Like us on Facebook and follow us on Twitter.

 

The campus of the University of Calgary, is shown on Saturday May 29, 2004. The university says it is reviewing the situation of Connor Neurauter, a student who pleaded guilty to sexual interference last year. THE CANADIAN PRESS/Adrian Wyld

Just Posted

More wind storms to hit Vancouver Island, expected to taper off for Christmas Day

Another special weather statement in effect for evening of Dec. 19

Courtesy parking tickets invite Victoria to pay it forward

Christmas program to cut drivers a break in the city has run for more than two decades

Councillor criticizes board overseeing wastewater treatment project

Coun. Judy Brownoff accuses project board of ignoring public input

Catch last call and a cheap ride home: Late night buses coming to Victoria in 2019

New plan will extend service on weekends with last trip leaving downtown at 3 a.m.

West Shore RCMP investigating after parking lot carjacking in Langford

Man was thrown from his vehicle near Millstream Road McDonald’s Monday night

Santa visits some of Victoria General Hospital’s littlest patients

Santa flew in to the hospital via air ambulance helicopter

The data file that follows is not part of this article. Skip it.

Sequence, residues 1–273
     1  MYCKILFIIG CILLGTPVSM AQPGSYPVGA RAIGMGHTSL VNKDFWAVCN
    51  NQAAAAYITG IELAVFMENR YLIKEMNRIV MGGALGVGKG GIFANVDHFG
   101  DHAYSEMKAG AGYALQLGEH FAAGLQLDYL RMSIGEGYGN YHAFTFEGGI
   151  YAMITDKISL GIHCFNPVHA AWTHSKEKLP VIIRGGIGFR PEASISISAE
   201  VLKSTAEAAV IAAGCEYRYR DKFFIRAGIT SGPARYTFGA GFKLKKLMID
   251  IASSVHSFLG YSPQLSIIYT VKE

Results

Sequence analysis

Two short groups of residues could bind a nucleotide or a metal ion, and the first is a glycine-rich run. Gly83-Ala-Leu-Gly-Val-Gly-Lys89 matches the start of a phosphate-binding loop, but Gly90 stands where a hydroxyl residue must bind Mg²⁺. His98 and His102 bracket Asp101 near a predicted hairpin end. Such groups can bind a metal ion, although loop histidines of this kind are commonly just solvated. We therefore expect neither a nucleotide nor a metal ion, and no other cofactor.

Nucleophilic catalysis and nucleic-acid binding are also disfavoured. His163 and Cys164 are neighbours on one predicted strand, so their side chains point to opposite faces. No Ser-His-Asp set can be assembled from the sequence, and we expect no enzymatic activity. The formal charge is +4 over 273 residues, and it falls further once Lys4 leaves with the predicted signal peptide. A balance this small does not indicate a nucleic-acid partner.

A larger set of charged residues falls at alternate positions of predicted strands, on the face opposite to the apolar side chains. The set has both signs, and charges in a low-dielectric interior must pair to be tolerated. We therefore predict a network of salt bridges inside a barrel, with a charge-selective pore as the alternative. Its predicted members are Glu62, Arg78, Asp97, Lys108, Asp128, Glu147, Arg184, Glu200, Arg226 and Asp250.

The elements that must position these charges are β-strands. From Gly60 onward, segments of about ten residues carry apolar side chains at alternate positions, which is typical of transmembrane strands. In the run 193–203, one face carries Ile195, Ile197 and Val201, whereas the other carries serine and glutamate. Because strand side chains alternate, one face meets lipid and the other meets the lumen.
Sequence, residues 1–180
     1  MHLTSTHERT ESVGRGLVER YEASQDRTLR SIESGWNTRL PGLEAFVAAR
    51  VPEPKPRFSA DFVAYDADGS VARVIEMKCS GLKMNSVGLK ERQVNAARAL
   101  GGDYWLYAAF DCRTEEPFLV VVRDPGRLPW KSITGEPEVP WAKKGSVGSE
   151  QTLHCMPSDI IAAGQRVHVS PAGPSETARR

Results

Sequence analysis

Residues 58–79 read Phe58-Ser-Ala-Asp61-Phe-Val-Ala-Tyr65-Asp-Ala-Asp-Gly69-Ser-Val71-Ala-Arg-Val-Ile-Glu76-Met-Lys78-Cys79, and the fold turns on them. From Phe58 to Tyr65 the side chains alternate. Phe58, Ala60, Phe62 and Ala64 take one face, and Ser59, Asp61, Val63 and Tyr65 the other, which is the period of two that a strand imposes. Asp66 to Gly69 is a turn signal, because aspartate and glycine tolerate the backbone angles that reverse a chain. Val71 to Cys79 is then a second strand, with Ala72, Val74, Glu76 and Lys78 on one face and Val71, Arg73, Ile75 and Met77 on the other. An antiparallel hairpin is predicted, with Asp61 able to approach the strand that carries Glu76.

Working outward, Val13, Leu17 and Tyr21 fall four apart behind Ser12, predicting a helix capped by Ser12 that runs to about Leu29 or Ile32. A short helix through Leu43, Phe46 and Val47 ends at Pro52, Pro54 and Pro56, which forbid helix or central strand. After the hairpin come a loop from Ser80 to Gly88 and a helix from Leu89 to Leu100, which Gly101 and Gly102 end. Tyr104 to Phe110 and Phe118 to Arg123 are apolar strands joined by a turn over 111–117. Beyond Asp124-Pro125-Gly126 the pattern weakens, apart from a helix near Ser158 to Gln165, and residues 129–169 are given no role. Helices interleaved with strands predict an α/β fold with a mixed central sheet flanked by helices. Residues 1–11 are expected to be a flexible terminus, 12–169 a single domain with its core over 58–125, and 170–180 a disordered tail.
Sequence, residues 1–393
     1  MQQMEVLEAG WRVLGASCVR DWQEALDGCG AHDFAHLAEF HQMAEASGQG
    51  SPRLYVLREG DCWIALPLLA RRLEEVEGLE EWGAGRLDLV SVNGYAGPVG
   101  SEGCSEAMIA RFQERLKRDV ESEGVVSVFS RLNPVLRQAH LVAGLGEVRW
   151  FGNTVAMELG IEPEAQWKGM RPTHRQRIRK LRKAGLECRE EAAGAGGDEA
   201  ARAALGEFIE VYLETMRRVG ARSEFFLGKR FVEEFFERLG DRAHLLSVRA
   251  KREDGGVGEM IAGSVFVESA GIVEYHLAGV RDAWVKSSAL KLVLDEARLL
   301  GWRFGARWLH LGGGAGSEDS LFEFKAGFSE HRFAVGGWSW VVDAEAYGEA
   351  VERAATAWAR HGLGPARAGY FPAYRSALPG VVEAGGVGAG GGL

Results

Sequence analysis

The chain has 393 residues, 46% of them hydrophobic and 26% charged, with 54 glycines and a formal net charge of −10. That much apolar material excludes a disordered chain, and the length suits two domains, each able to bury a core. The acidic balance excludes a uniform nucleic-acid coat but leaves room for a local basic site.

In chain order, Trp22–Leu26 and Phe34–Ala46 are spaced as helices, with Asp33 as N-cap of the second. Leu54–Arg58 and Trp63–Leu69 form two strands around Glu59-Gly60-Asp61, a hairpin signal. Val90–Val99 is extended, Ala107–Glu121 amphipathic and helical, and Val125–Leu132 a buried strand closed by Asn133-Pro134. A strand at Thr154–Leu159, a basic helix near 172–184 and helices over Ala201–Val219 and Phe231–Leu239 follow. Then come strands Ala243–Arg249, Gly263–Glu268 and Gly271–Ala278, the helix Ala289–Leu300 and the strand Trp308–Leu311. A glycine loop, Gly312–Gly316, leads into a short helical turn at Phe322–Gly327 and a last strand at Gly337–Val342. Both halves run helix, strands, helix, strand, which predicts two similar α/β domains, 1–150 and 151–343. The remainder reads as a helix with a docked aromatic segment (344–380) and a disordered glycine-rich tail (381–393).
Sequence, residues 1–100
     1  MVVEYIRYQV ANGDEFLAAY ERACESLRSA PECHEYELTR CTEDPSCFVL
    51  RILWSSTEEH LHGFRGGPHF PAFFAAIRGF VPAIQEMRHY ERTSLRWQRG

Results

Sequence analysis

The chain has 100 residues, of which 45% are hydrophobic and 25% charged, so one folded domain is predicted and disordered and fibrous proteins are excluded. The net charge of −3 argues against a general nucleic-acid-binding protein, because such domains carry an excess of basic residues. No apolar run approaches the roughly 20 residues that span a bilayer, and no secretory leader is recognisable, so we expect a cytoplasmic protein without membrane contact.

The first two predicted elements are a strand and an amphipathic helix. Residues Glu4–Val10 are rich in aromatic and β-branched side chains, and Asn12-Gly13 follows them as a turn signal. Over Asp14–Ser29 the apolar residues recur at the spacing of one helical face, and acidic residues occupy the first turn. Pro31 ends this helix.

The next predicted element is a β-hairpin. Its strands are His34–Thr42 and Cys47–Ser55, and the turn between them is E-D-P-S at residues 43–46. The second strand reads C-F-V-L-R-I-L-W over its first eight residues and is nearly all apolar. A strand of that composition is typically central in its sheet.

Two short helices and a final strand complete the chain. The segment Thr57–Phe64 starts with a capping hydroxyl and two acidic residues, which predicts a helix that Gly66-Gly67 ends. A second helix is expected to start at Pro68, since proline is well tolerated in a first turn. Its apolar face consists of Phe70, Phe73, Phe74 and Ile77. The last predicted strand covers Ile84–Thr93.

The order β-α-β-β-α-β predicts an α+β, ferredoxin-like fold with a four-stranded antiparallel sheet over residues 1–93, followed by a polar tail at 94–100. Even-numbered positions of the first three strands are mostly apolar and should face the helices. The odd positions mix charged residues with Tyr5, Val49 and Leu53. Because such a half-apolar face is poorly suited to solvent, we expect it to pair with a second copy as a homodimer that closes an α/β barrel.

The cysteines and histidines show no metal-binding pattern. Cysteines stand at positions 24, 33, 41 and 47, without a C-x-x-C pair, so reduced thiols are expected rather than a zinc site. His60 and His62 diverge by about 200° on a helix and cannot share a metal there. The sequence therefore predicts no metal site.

READER POLL: Do you have turkey or ham for Christmas dinner?

What are you having for Christmas dinner? Canadians gobbled up 3.3 million… Continue reading

‘Laverne & Shirley’ star, ‘Big’ director Penny Marshall dies

Marshall died of complications from diabetes on Monday, Dec. 17, 2018, at her Hollywood Hills home. She was 75.

Greater Victoria Crime Stoppers wanted list for the week of Dec. 18, 2018

Greater Victoria Crime Stoppers is seeking the public’s help in locating the… Continue reading

B.C. Court of Appeal to rule in terror case that centres on RCMP conduct

B.C.’s appeal court is scheduled to release a decision today on a couple whose guilty verdict over plotting to blow up the provincial legislature was thrown out by a lower court judge.

Trump backs off on demand for $5 billion to build a border wall

Congress and President Donald Trump continue to bicker over his demand that lawmakers fund a wall along the U.S.-Mexico border.

Canadian detained in China, not clear if related to two other detentions

Reports suggest the person is not a diplomat or entrepreneur doing business in China.

Trudeau sees 2019 election as choice between positive Liberals, divisive Tories

Trudeau is drawing much the same battle lines that propelled the Liberals to a come-from-behind victory in 2015

Snowfall warning issued for Coquihalla, Highway 3

Make sure to equip winter tires if travelling

Most Read